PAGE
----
Families are £10 a week worse off than they were a year ago and face a third year of real incomes being eroded, a study warned today.
After five months of improvements in the year-on-year change to the Asda Income Tracker, the report for February shows a "marginal reversal" of the trend.
The typical UK household had £144 a week of disposable income in February, with the decrease largely due to "fragility in the UK labour market", the report says.
Consumers are being "squeezed in both directions" by weak income growth standing at just 1.7% during the three months to January, the slowest pace in 18 months, and high inflation keeping the cost of basic goods up.
The study says unemployment is likely to continue to act as a drag on household finances and despite some recent improvements in the cost of utilities and transport, they remain two of the main factors putting pressure on families' spending power.
Charles Davis, managing economist at the Centre for Economics and Business Research (Cebr), which produces the report, says: "While inflation is likely to fall further over the coming months resulting in smaller declines on the Asda Income Tracker, weakness is expected to remain in the UK labour market for some time and earnings growth to be only slow over the coming year.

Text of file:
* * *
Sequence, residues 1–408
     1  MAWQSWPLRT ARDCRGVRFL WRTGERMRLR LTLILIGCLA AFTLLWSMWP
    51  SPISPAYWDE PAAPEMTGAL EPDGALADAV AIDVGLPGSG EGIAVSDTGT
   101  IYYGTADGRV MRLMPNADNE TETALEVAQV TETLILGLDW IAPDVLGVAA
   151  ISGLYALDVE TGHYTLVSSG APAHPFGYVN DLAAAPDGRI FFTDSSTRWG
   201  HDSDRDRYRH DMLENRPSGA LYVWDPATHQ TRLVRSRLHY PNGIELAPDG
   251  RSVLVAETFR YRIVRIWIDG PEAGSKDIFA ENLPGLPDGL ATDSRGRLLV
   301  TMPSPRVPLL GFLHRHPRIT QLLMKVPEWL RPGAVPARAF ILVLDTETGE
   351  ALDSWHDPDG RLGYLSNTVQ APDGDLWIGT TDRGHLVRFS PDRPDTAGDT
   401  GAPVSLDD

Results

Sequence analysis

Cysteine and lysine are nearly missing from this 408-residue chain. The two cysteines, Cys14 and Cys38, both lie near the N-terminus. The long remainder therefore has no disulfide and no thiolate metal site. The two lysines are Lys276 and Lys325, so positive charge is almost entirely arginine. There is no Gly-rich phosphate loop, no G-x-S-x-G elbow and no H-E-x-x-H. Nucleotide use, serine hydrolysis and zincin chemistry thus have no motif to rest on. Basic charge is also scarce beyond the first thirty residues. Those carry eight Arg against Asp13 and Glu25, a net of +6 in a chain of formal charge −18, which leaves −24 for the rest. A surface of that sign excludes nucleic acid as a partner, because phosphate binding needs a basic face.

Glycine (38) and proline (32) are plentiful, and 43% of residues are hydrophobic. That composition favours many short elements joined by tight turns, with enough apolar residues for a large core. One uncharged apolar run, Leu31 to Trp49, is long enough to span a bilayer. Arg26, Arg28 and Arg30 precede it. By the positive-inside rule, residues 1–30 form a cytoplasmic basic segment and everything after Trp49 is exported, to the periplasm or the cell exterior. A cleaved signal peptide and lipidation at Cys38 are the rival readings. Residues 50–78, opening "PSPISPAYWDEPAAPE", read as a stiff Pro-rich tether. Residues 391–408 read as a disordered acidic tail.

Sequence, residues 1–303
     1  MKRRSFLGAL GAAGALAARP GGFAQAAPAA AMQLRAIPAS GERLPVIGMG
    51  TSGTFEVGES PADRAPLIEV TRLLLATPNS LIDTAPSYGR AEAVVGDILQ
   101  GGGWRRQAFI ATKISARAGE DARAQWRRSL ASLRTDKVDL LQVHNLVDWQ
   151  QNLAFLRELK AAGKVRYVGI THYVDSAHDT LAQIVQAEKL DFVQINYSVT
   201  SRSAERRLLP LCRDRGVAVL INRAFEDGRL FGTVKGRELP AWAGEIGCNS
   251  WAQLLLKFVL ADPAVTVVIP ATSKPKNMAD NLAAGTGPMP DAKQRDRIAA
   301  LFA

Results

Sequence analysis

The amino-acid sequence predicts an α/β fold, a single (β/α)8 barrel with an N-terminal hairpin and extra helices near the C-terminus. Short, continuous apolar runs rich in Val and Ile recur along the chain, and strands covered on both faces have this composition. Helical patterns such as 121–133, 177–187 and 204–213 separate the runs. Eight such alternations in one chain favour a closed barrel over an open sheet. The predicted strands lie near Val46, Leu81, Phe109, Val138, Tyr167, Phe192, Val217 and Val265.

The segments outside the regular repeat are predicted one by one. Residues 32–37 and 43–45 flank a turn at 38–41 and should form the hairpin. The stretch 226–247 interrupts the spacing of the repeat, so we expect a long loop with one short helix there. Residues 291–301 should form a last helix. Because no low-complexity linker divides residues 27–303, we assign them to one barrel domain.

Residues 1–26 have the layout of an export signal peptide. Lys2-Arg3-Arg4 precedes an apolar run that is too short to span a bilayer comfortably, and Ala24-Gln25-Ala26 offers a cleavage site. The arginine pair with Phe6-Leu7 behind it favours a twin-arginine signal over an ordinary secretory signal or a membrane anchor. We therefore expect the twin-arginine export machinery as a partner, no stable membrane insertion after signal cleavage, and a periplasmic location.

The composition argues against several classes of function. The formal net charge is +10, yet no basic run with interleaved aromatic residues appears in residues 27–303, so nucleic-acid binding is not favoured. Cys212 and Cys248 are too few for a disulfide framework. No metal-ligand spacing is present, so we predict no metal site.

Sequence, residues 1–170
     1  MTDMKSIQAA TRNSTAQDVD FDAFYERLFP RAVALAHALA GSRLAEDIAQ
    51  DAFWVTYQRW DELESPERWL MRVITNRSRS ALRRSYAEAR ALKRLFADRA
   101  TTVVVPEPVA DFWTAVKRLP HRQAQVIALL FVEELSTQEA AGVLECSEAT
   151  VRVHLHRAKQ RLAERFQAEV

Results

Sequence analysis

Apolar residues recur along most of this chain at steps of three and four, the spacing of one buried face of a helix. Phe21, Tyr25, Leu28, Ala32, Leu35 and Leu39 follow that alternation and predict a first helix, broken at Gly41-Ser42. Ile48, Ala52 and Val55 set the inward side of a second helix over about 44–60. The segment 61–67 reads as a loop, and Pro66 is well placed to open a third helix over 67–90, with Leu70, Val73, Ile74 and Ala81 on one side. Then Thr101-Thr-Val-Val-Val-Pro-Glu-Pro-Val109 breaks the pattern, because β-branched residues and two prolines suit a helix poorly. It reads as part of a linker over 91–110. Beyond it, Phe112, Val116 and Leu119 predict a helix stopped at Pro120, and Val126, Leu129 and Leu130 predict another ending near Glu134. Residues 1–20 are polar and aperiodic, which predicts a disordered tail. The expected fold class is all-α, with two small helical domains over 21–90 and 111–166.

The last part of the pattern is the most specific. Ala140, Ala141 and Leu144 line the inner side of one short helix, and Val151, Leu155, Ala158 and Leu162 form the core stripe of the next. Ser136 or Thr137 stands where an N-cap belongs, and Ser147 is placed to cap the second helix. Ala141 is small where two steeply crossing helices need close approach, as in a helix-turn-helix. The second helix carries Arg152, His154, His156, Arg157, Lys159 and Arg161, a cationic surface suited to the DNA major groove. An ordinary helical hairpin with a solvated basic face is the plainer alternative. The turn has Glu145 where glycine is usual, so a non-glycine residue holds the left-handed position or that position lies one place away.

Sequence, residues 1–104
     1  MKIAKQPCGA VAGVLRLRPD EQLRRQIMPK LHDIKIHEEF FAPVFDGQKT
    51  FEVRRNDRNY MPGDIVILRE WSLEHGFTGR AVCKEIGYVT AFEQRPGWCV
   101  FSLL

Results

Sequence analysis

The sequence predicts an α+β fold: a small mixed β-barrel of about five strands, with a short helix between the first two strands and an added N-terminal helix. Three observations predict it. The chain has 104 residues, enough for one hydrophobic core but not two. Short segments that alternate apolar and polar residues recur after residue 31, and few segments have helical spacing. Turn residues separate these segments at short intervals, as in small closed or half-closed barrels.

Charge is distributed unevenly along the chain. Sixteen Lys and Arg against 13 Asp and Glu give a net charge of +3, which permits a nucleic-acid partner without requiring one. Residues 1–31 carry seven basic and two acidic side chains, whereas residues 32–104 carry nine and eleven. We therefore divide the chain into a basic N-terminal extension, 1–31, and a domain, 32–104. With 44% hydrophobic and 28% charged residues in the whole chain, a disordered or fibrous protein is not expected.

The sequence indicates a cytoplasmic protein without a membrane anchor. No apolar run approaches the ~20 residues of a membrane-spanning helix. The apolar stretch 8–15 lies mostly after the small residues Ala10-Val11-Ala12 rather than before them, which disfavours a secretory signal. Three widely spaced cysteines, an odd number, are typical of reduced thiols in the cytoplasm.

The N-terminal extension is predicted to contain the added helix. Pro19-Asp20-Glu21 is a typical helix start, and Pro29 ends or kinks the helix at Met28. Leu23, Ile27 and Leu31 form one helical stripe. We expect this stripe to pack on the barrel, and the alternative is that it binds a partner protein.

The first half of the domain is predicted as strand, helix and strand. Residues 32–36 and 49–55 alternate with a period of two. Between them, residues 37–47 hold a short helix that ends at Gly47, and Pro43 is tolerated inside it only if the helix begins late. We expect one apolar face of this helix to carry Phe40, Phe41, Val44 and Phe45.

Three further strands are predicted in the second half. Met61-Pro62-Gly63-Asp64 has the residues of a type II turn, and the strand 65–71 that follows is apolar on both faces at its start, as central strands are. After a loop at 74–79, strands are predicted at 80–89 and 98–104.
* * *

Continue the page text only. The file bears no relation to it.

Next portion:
"As a result, real income erosions are likely to continue for a third year in 2012."
The study says the cost of transport remains a "major factor" placing pressure on family budgets. Petrol and diesel prices rose by 4.2% and 4.7% respectively over the last year. These may increase further on the back of recent oil price rises, the report warns.
Andy Clarke, Asda president and chief executive, says: "It's disappointing to see a reverse in improvements to the cost of basics seen in previous months, putting a further pressure on already squeezed family budgets."